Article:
• Partiers: These students spend more time in social activities (2-3 times more than other groups) than other activities. They are more likely to be male and living on campus.  They report fewer gains in their learning and development, had the least amount of student-faculty interaction, and felt that there was the least benefit to education.
  • Parents: These students are those who care for dependents.  They are typically part-time and non-traditional.  They find that parenting inhibits engagement in educational activities.

Eakman12 recently discussed the importance of understanding an individual’s engagement in meaningful occupation and their desire for more engagement.  He suggested four levels of balance:  Balanced, exploring (both positively associated with well-being), resigned, and imbalanced (not positively associated with well-being). Understanding a student’s profile will help the OT plan intervention.

OT assessment for PDO and OB:

Here are a few assessments on occupational balance and patterns of daily occupation that might be helpful (these were hard to track down – I did my best!):

PATTERNS OF DAILY OCCUPATION

Time budget (ie Barth Time Construction)– This can be a retrospective or prospective 24 hour recall or 7 day diary. If possible, using an electronic prompt (i.e. text message) to have a student describe what he/she is doing at the moment may be helpful.     

Time geography – This is a time diary, but additionally asks for the physical and social context when reporting occupations. 

Profiles of occupational engagement (specifically for people with mental illness but might work in post-secondary settings) – This is another time diary.  Individuals discuss their occupational balance in terms of person-environment-occupation – which gets at the intersection of time use and balance.12,16 (If you have an AOTA membership, you can get full details about this tool by looking up the BJOT issue about it – reference #16 below!)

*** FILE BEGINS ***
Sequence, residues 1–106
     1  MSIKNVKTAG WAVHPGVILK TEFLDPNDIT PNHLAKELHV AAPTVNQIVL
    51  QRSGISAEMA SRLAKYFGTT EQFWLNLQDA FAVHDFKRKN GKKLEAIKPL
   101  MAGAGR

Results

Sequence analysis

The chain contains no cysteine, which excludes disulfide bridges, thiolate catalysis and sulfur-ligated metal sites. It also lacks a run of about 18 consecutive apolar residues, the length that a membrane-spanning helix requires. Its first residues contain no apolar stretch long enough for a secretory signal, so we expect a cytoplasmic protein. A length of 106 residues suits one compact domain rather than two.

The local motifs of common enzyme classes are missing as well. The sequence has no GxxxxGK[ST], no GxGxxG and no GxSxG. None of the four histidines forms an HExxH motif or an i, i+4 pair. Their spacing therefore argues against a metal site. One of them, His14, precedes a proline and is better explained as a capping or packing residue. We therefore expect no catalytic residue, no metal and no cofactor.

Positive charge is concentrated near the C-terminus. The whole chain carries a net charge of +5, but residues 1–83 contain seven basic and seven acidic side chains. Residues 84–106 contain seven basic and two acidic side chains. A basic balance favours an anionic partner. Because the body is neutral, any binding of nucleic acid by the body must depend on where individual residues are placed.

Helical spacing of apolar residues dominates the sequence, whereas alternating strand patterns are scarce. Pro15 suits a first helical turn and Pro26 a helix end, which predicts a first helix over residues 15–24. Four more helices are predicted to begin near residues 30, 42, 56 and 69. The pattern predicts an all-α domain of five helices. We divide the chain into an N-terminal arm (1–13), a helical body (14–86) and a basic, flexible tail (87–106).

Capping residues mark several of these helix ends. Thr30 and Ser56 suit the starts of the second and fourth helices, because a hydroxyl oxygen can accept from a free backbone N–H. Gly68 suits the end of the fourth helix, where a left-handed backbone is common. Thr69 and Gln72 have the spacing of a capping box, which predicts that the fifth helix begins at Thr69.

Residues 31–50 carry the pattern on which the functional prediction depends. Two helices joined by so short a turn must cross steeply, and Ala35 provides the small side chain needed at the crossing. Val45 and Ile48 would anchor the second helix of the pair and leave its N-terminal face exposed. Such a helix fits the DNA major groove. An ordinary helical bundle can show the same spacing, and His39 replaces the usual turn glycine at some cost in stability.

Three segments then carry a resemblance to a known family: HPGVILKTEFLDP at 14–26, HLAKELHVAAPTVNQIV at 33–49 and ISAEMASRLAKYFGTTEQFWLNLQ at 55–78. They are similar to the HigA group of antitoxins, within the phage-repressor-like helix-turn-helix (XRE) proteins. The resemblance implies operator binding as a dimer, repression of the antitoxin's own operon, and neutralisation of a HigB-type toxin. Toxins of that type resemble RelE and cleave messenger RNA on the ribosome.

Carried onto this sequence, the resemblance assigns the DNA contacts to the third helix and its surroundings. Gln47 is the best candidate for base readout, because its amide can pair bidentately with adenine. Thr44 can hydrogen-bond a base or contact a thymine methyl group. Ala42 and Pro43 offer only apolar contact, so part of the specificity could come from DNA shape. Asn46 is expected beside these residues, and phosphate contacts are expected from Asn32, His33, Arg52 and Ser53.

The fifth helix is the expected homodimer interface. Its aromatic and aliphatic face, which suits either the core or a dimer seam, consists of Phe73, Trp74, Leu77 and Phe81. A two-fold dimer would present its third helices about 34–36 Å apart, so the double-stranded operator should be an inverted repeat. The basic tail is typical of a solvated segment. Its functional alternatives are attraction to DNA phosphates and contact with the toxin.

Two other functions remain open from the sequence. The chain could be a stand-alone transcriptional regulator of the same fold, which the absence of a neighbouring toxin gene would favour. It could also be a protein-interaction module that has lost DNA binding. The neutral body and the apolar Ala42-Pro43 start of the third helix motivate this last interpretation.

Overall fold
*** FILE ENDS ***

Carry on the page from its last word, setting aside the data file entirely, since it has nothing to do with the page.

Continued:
OCCUPATIONAL BALANCE

Pie of Life – Simple tool.  Students fill out how satisfied they are with a number of occupations and look to see “how full his/her pie is” – and decide if they need to work on “pieces of the pie”. 

Occupational balance questionnaire (OBQ) – 13 items that looks at satisfaction with amount and variety of occupation.

Satisfaction with daily occupations and balance (SDO-OB) – Five questions that ask about caring for oneself and one’s home, work, and leisure.  Participant is asked if they have “just-enough”, “too much”, or “too little” to do in each of these areas.

Life balance inventory – This tool has 53 predefined activities and the participant can rate how much time they have spent in each activity over the last month.  The tool measures congruence and equivalence (if there is a match between actual and desired performance).13

Interference scale of the Inter-goal Relations Questionnaire (IRQ)14– This tools looks for a discrepancy between goals and activities. While not an occupational balance assessment, this “mismatch” between goals and activities can be a proxy for desired occupational balance.

Meaning activity wants and needs assessment – MAWNA15 — 21 item tool which measures balance between actual and desired engagement in meaningful occupations. Measures meaning through: competence and goal achievement, pleasure and enjoyment, and social connectedness.